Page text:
What Is Fescue Grass? When, Where, and How to Plant It

Gemma Johnstone
Written by Gemma Johnstone
Updated February 23, 2023
fall garden with fescue grass
Photo: David Madison / Stone / Getty Images


  • Fescue grasses include many highly resilient cool-season grasses.

  • They grow in the northern and transitional zones on their own or with other grasses.

  • Fescues are typically drought, pest, weed, and disease-resistant.

  • They remain green throughout the winter and require minimal maintenance.

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Fescue grasses have worked hard to earn their popularity, especially with homeowners looking for a low-maintenance, year-round green lawn. These highly resilient cool-season grasses thrive both in the humid, cold North and deep into the transitional zone of the United States. 

Tough against heat, drought, disease, and even pests, the many types of fescue grass make an excellent addition to nearly any northern or central lawn.

Common nameFescue grass
Botanical nameFestuca spp.
Plant typePerennial turf grass
Recommended heightUp to 6 feet
Sun exposureFull sun, partial shade
Soil typeVarious, including clay
Soil pHAcidic, neutral, alkaline
Hardiness zones5–10 (USDA)

What Is Fescue Grass?

Fescue is a common perennial grass used everywhere, from front lawns to golf courses. It got its start in the United States in the 19th century when it came from Europe to be used as pasture grasses and in early household lawns, according to PennState Extension. While the benefits of each type of fescue grass vary slightly, they share similar qualities. 

What Is Fescue Grass Good For?

This type of grass is revered for its ability to adapt to and tolerate various climates, including drought, cold, shade, and heat. It’s known for being low maintenance and requiring less fertilizer than other cool-season grasses. 

Tall fescue grass is a tough variety, so it’s great to plant in play areas, lawns or areas with high-foot traffic, baseball fields, or golf courses. 

Fescue Grass Pros and Cons

Wondering whether to plant fescue grass in your yard? Consider these advantages and disadvantages first.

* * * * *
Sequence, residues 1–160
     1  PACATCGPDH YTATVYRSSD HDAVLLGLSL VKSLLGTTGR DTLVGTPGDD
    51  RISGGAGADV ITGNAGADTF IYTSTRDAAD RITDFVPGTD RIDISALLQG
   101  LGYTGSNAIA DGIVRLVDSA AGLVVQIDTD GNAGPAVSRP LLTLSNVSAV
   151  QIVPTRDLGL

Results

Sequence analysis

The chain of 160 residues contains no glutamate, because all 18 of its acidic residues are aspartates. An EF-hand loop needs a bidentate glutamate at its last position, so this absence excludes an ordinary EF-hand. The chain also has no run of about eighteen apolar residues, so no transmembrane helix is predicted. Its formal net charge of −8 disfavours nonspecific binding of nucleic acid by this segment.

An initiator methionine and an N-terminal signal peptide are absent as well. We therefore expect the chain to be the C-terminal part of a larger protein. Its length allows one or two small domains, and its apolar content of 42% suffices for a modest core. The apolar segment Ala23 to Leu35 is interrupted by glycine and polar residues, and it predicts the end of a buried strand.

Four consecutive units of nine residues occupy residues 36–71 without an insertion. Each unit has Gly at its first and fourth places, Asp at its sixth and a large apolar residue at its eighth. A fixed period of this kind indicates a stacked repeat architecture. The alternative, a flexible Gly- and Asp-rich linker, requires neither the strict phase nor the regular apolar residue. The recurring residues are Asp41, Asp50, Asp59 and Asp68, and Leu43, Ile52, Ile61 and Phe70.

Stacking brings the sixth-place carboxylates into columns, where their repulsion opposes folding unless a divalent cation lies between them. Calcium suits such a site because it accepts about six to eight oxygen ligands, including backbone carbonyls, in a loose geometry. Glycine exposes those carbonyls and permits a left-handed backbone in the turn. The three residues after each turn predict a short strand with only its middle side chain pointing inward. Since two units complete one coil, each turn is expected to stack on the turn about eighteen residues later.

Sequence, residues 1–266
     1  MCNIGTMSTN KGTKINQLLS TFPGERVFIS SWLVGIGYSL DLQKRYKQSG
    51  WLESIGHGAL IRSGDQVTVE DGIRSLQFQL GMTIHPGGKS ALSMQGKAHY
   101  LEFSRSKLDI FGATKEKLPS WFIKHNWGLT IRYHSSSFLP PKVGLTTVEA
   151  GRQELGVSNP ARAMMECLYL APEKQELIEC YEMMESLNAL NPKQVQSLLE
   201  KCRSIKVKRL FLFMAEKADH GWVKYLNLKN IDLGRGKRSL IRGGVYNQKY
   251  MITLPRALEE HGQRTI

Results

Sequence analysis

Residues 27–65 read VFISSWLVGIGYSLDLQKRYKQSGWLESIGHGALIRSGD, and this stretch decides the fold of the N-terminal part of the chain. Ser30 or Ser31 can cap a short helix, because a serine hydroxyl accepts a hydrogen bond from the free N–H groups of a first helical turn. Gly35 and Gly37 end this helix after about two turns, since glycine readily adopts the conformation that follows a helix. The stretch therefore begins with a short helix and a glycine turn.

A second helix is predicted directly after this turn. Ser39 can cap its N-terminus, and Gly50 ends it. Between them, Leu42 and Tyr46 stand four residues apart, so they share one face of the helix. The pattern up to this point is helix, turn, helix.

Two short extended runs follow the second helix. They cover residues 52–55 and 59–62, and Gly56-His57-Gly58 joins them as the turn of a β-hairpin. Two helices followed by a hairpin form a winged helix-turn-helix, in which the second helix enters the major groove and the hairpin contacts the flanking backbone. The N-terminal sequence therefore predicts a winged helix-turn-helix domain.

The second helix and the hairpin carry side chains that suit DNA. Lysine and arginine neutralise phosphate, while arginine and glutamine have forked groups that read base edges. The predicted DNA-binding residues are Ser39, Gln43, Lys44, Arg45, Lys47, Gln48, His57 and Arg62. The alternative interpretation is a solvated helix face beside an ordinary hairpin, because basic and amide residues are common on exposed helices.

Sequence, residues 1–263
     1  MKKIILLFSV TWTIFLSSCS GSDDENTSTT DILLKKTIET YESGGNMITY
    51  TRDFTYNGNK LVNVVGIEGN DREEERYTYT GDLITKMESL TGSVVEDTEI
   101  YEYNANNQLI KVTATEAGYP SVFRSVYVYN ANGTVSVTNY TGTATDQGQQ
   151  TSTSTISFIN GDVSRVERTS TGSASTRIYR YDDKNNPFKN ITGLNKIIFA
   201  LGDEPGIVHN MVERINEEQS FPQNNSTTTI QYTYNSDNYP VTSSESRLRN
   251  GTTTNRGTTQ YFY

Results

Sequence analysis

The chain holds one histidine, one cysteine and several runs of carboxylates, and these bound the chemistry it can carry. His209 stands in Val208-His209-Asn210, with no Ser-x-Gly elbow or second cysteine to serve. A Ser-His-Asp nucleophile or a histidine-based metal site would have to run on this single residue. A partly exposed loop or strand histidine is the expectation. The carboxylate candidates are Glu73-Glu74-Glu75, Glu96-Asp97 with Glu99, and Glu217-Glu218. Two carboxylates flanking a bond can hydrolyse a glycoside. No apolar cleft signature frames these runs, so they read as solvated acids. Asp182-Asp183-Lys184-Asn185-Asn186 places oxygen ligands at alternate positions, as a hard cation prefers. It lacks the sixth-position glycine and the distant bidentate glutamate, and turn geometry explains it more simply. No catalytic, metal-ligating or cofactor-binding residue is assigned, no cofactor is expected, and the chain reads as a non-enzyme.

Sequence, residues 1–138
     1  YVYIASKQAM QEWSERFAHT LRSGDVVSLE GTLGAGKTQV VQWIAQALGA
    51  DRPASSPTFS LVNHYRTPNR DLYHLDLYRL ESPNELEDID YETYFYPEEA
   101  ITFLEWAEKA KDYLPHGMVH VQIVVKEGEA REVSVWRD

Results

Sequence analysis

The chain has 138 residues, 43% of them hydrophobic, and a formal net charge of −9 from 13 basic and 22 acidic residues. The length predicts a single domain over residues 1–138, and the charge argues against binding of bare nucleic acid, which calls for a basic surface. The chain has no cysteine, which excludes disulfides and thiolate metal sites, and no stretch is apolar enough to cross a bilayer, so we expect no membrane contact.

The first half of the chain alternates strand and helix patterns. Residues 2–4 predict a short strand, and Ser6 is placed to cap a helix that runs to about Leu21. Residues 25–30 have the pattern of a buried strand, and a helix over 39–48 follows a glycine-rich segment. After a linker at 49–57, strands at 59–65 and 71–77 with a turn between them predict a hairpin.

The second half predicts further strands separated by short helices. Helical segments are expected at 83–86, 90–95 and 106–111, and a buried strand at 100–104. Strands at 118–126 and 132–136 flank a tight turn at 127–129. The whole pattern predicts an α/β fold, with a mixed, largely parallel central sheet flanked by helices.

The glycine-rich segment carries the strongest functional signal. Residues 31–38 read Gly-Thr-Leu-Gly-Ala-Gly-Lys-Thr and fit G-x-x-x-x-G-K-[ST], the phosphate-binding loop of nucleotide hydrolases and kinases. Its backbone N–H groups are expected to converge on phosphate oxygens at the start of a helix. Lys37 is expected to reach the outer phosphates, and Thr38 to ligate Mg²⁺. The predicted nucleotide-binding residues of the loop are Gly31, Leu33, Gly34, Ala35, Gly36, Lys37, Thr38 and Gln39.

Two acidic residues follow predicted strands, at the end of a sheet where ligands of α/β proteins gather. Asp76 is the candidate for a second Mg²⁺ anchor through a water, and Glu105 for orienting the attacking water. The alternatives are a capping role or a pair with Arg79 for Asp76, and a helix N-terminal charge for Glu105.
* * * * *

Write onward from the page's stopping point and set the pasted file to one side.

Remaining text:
• Thrives in both partial shade and direct sun

  • Emits an amino acid that fights against weeds

  • Handles drought and high humidity

  • Requires very little winter maintenance

  • Stays green in the winter

  • Maintains deep roots to draw soil nutrients

  • Requires less fertilizer than other varieties

  • Naturally disease- and pest-resistant

  • Requires less dethatching due to its resiliency


The only downsides to fescue grass—depending on the type—are its susceptibility to damage during long periods of high humidity or drought. Brown patches on your lawn can form during long stretches of extreme heat and humidity, for example.

What Does Fescue Grass Look Like?

It can be tricky to differentiate between the many types of grasses, but fescue grass, specifically the tall variety, has a few defining characteristics. You can spot tall fescue grass by its wide leaf blades, medium- to dark-green color, and coarse texture. Keep in mind that modern turf varieties can be more dense and have a finer texture.

Types of Fescue Grass

You'll find hundreds of fescue grass varieties, but there are a few standouts that make it into lawns across the U.S. Here's a quick look at the major players:

Tall Fescue

As one of the best types of grass to grow on your lawn, tall fescue grows in dense and deep-rooted clumps, making it ideal for high-traffic lawns.

Hard Fescue

Hard fescue thrives in full shade, low temperatures, and areas with low soil fertility. It also requires infrequent mowings, making it ideal for a hard-to-access spot.

Creeping Red Fescue

This fine fescue variety does best when combined with other popular grass varieties such as Kentucky Bluegrass. Its finer blades do not indicate its weakness; however, you can add it to a lawn for better heat and shade resilience.

Chewings Fescue 

Homeowners will also mix chewings fescue with other seed varieties, particularly in dry, rocky soil, and acidic soil where others can't thrive.

How to Plant Fescue Grass

close up shot of a a meadow of fescue grass
Photo: David Madison / Stone / Getty Images